Staffing Kansas City

Navigating the People Element at Work

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Having a bad day at work is unfortunate, but it eventually happens to all of us. Having bad weeks, months or even years at work is something altogether different. If you’re involved in a work-conflict situation, it can easily feel like the issue overshadows your entire life. So, what’s the best way to deal with a conflict?

The Human Element

It’s unfortunate but conflict in the workplace is bound to happen. A big reason for this is varied personalities who bring a mix of their skills, personalities and personal baggage. Often times, these issue boil under the surface before coming to light. A delay in sharing the issue with someone else can be a point of pride for some or not knowing whom to turn to. For example, if an employee is on a contract-to-hire position, they might not feel comfortable voicing their concerns in an environment where they are new and where they hope to be hired on as a full-time employee.

Acknowledge and Share

In these cases, it’s smart for a contract worker to reach out to the hiring agency and let them know things are not going as planned. If this communication doesn’t take place in a timely matter, there’s potential for the employee to leave no longer wanting to work for the company. This is a loss for the employee as well as the employer. If the conflict isn’t mentioned, the problem could continue, affecting other employees at the company and creating a workplace that no one wants to be a part of.

Open Communication

  1. Acknowledge It – Blame it on change. Whether it’s a lack of change in the environment or an excess of change, strong feelings flare when things are in flux.
  2. Out the Issue – One of the worst ways to handle conflict is to ignore it. If the other party is always waiting for someone else to start the discussion or to admit wrongdoing, it can only result in a stalemate and more discomfort for all involved.
  3. Ask the Question – In some cases, the way someone does things is more habit than an attempt to create conflict. Knowing why someone does something can provide insight into other actions. Resist the desire to dance around the conflict and nicely ask the question already.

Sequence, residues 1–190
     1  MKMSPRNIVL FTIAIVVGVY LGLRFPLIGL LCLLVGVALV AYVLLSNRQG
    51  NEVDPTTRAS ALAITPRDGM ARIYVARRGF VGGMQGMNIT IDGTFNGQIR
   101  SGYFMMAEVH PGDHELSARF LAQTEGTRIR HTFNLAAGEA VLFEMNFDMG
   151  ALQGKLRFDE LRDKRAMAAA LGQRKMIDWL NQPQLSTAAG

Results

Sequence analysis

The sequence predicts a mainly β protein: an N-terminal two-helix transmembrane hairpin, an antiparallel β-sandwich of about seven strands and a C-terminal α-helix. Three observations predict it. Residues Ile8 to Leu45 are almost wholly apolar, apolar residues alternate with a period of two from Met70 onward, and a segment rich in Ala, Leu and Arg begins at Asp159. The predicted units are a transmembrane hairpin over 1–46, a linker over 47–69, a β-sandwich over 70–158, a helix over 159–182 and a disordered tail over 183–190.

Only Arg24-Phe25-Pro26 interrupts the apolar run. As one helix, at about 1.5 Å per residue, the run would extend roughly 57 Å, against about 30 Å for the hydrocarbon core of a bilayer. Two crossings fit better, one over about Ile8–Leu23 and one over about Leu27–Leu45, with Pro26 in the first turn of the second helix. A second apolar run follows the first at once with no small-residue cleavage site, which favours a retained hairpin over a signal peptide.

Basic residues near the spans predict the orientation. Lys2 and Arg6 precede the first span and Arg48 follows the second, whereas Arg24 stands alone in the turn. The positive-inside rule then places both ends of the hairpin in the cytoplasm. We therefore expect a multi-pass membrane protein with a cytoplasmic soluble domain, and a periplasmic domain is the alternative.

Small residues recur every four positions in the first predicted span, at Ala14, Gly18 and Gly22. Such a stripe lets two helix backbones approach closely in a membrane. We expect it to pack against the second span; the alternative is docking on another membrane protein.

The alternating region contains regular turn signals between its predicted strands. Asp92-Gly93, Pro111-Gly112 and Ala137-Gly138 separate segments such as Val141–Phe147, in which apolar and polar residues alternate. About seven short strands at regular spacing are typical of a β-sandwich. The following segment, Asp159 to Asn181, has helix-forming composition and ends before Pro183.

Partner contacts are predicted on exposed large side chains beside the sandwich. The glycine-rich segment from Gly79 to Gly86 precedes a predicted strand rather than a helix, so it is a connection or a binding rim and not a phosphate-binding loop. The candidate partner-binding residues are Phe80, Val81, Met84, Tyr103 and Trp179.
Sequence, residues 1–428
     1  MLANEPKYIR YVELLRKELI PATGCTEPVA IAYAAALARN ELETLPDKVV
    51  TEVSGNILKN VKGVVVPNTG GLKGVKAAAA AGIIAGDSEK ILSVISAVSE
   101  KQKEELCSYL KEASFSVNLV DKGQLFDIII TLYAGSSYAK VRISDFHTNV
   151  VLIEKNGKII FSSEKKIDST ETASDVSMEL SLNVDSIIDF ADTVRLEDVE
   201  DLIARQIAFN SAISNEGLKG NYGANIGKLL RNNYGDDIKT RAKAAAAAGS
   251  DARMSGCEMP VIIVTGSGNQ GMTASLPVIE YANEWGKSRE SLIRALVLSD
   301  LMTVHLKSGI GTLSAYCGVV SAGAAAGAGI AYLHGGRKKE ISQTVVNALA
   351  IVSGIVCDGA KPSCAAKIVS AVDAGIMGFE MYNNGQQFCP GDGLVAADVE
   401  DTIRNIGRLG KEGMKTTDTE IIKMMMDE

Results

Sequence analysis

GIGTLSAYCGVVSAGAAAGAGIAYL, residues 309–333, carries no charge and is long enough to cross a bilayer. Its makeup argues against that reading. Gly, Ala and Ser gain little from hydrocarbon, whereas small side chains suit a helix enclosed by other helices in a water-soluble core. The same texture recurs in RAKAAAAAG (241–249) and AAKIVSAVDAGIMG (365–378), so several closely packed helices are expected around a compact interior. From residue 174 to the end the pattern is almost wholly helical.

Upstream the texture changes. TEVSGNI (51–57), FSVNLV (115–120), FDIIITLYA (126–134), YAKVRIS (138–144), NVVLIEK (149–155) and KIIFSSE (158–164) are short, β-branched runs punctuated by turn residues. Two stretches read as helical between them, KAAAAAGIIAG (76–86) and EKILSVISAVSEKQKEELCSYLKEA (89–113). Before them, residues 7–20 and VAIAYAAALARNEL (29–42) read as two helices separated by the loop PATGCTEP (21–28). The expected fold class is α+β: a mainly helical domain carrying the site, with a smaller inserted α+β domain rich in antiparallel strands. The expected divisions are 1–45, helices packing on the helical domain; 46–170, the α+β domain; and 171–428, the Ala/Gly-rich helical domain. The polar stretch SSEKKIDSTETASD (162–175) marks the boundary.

4. Banish the Silos – The business world is often better at sequestering information than it is in sharing. If someone feels important information is being withheld, especially if it relates to getting work done, conflict can occur. Sharing the information is directly related to knowing and understanding the why.

Reasons for Resolution

Ignoring conflict in the workplace places everyone at a loss. Employees feel the issue is not being acknowledged and employers don’t understand why the workplace is filled with conflict. Talking about the problem could include some initial discomfort, but failing to address the conflict allows it to grow, creating a pool of dissatisfied employees and a potentially toxic workplace. Even if a candidate decides not to stay in the role, a workplace can still take the necessary steps to resolve the issue before it’s too late for anyone else. Don’t take the chance on losing another great worker. Ask the uncomfortable questions now.

This article is brought to you by Staffing Kansas City, a full-service Kansas City employment agency that provides contract-to-hire, direct hire and temporary employment placement services.